Puberty & Our Girls: How Early is Too Soon?

Puberty & Our Girls: How Early is Too Soon?

April 18, 2024

It seems as if everything is getting younger for our girls, right? I love seeing those memes comparing how cool tweens and teens are these days and how very uncool we were at their same age. Well, at least I know I was! In fact, I’ve come to peace with the fact that I will never in my life be as cool as a 14 year old in 2024.

Our girls are “cooler”, younger. They care about what they look like, earlier. For many of our daughters, their behaviour, trends, desires, conversations and “worldly” knowledge is years ahead of what it was when we were young. The things that used to be happening when we were 14 or 15 are now happening at 11 or 12. When it comes to puberty, research shows that over the last 150 years the age at which puberty begins has fallen substantially across many developed countries (Bellis, Downing & Ashton, 2006).  A study by Dr.Marcia Herman-Giddens found that in 1950, the average onset age for puberty in girls was 13.1 years old; in 2020 it was 10.5 years old.

In Australia, girls currently begin puberty at around age 10-11. The timing of puberty for our girls can differ by 4 to 5 years and can range from 8-13 years old (Mensah et. Al., 2013).

How early is considered early when it comes to puberty?

Early puberty or precocious puberty is defined as when (for girls), a rapid growth spurt has occurred before 7 or 8 years of age, breast development or pubic hair has started before 7 or 8 or a girl has started her period before 9-10 years of age. The Longitudinal Study of Australian Children (2017) has revealed that 21.1% of girls experience precocious puberty. That’s 1 in 5 of our daughters that will begin developing and experiencing big changes before their peers.

Although scientists are still unable to pinpoint with certainty what causes some girls to begin puberty early, much research has pointed towards puberty onset being influenced by weight and body composition, ethnicity, genetics, environmental chemicals, stress or family situations. For example, a mother’s pubertal timing is thought to have a strong influence on the age of her daughter beginning puberty (Essex, 2007). Altered family structure such as the absence of a father, presence of a stepfather or a single-parent family have all been associated with earlier puberty onset in both girls and boys. To read more on these studies, click here. More often than not, there is no serious underlying medical problem or trigger; it is simply a matter of her brain sending signals to start the process earlier than what is considered inside the normal range. Of course, I am not medically trained so if this post makes you wonder whether your girl could be experiencing precocious puberty then I highly recommend chatting to your trusted GP. Doctors are able to assess physical signs of puberty alongside running blood tests to gain an understanding of hormonal levels and x-rays to determine bone growth rate and can then refer on to a specialist if need be.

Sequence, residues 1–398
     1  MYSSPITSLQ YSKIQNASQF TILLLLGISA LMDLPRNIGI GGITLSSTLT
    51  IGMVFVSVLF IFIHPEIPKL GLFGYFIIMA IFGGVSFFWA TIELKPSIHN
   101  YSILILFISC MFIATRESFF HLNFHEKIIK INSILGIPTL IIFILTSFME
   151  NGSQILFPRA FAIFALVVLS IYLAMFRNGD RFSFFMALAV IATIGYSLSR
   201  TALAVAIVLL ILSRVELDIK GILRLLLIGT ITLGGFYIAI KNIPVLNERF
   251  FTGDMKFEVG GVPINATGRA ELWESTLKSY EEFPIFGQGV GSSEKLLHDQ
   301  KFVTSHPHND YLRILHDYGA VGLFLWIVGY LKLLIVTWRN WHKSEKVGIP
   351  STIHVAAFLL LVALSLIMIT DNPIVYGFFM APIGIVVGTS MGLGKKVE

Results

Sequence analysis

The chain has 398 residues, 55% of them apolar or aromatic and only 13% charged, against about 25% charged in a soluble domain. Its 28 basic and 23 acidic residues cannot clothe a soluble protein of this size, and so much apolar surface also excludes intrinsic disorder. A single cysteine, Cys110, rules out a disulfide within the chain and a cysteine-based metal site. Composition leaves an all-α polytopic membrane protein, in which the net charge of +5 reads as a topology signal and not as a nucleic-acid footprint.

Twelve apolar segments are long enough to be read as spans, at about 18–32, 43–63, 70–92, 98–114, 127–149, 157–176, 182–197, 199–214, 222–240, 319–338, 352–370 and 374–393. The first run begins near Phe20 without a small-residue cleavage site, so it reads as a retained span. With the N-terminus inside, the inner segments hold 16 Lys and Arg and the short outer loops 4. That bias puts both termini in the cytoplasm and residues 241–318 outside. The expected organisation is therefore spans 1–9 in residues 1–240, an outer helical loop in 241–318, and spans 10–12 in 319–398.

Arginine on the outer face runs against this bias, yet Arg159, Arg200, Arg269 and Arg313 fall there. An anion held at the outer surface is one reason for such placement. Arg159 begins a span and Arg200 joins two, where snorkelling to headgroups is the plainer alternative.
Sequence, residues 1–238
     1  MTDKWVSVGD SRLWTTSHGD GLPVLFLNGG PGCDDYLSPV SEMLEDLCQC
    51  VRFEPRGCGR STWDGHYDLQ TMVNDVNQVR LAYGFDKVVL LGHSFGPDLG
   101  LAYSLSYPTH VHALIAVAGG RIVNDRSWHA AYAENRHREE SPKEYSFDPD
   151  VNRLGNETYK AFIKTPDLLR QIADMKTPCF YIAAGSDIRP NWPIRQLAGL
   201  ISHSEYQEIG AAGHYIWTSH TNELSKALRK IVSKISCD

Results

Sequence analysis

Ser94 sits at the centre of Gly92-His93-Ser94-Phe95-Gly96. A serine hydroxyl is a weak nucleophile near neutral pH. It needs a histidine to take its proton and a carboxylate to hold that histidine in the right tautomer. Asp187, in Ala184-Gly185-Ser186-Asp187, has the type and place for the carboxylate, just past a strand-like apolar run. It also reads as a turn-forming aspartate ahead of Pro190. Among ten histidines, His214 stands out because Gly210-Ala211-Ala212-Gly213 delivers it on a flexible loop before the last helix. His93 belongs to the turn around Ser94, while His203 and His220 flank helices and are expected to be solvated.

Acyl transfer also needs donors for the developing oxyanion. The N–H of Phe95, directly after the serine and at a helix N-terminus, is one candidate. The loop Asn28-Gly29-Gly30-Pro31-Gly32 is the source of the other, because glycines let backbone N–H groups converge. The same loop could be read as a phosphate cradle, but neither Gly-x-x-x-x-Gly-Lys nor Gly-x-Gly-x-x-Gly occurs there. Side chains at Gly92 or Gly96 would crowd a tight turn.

Our girls bodies are programmed and designed to go through puberty at a time and pace that is right for them, regardless of whether this has been influenced by a myriad of external factors or whether we think it’s “too early” or not. The overarching message we want our girls to know is that their remarkable bodies are good, they are designed to change and that they can trust their bodies.

“I needed someone to prepare me earlier for the changes I would experience in my body. I needed someone to advocate for me at school and teach me to be proud of my body and what amazing things it was capable of.” K

The reality is that someone in her peer group must be the first to start going through puberty. Regardless of whether she is going through precocious puberty, some of our daughters will experience puberty early through their own lens as they compare their journey to their peers. So whether your daughter is going through precocious puberty or is simply starting to change earlier than her friends, here’s a few things I think we ought to keep in the forefront of our minds.

Going through puberty early can be hard emotionally and socially, especially for girls as they often find they are treated differently and attract unwanted sexual interest due to the early development of breasts and their older appearance. Our early blooming girls are more likely to be teased which can result in them feeling self-conscious and can result in poorer body image, higher rates of depression, anxiety and disordered eating. Our friend Jess Dyson from Redefined Coaching kindly shared her experience from working with girls who have gone through puberty early.